Hatteras teacher testifies about benefit of career and technological education

By AMBERLY DYER


An old adage once advised, “Don’t throw the baby out with the bath water.”  It warns us to heed what is valuable when changing anything in life.

On Jan. 8, Cindy Marks, a 23-year veteran of career and technical education (CTE) at Cape Hatteras Secondary School of Coastal Studies, and Caroline Jarvis, a 2007 graduate, explained to the North Carolina General Assembly why CTE must remain in part of the curriculum in North Carolina’s public schools.

The Joint Legislative Education Oversight Committee wanted to know how CTE fits into the new graduation standards of the Future Ready Core Curriculum.

“They were curious and concerned about what was going on in career and technical education,” explains Marks.

Although unsure exactly how she was selected to testify, Marks believes that Anne McArthur, currently the governor’s liaison for education and former Cape Hatteras Schools employee, had something to do with it.

Marks was also asked to bring a student with her.  “It was obvious that Caroline was the best choice,” she remarks.

Marks’ testimony reflects her beliefs that students of all career paths and academic levels benefit from CTE. Students are blending academic classes with real world applications in business and technological fields.

She advised the legislators that CTE courses provide concrete experiences in technology and career skills, such as business plan development, design and construction of remote-operated vehicles, marketing logistics, the impact of a global economy on the fashion industry and such innovative computer applications as voice recognition and privacy protection measures.

Most importantly, Marks assured the committee members that today’s CTE is not the vocational education of the manufacturing era.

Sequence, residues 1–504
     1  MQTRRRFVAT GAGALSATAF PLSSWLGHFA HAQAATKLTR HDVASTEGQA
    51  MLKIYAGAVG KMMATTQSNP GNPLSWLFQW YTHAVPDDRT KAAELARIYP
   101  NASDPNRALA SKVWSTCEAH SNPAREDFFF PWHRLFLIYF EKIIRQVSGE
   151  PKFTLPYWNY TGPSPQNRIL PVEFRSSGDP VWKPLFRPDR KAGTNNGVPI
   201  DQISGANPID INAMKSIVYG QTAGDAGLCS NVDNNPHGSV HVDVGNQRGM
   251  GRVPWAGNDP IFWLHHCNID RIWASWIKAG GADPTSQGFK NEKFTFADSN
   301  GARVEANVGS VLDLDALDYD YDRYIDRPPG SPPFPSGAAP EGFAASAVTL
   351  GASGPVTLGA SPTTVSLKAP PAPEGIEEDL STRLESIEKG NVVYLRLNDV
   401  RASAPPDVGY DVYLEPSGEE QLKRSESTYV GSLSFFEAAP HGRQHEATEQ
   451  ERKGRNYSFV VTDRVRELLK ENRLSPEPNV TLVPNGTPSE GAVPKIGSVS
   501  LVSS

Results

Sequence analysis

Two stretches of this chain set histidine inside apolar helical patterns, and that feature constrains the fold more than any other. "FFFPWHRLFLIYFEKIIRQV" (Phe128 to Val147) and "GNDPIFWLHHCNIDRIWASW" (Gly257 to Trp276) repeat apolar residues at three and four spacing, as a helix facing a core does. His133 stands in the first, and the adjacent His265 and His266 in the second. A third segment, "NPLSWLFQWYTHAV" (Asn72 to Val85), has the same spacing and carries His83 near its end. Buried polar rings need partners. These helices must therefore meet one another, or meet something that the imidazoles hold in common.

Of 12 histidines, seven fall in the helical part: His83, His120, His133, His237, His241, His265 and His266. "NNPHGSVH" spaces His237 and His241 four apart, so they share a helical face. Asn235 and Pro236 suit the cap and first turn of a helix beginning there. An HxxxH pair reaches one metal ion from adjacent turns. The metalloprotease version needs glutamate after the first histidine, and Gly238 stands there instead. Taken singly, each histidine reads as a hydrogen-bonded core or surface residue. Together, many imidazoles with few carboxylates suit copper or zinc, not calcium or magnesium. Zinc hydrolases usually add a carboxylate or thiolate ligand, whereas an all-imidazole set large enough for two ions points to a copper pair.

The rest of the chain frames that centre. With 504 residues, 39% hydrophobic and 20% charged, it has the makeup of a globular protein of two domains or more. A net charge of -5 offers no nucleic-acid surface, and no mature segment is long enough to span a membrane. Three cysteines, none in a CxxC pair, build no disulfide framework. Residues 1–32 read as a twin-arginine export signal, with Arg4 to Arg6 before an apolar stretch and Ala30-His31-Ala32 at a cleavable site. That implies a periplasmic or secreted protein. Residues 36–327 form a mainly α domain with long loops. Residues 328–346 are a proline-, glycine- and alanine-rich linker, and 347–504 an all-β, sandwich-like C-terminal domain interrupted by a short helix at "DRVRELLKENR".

“These students are not are not spending their day in school like our parents and grandparents did, sitting in rows, scribbling notes by hand, and reading from textbooks that were out of date before the class ever started,” she said.  “[They] are actively engaged in project-based learning, hands-on activities, collaboration, team-decision making, and problem solving making use of the latest innovations in technology.”
 
Marks pointed out to the committee and others that it is the immediate relevance of CTE courses that engages students, excites their interests, and improves their motivation in high school and beyond. 

“In everything we do in CTE, students can see the relevance where they can’t in other courses,” she said.

Marks’ views were echoed by Caroline Jarvis, two-time sate DECA (Distributive Educational Clubs of America) winner and a national DECA scholarship recipient.

Jarvis, now a freshman at East Carolina University, recounted her high school experiences for the committee, commenting that during her first marketing education course, she felt “as if a light bulb had gone off.”

Despite being president of the student body, playing softball and graduating fifth in her class, Jarvis stated that CTE along with DECA competitions and experiences gave her the most confidence, communication skills, and exciting opportunities.  Based on her first semester course work and recent judging at the regional DECA competition in fashion merchandising, Caroline’s advisor at ECU has encouraged her to apply for additional scholarship opportunities.

Jarvis closed her testimony reflectively.
 
“I often wonder what would have happened to me if Cape Hatteras School did not offer marketing education or DECA, and I wonder how many students lose their way because they never find their special ability.  I believe everyone has a special talent; they just have to find it.”

Marks reports the committee was pleased.  “There were lots of positive comments following our talks.”
 
Rebecca Payne, the Director of CTE at the North Carolina Department of Instruction and Bill Downey, the president of L.A. Downey and Son, a Durham-based construction company, also provided testimony to the committee. 

“It was a great experience,” reflects Marks.  “I am glad and honored that I was chosen to represent the 5,500-plus CTE educators in North Carolina.” 

Now, she’s back to the classroom for more projects and education gearing  students for the future.
 

     

   

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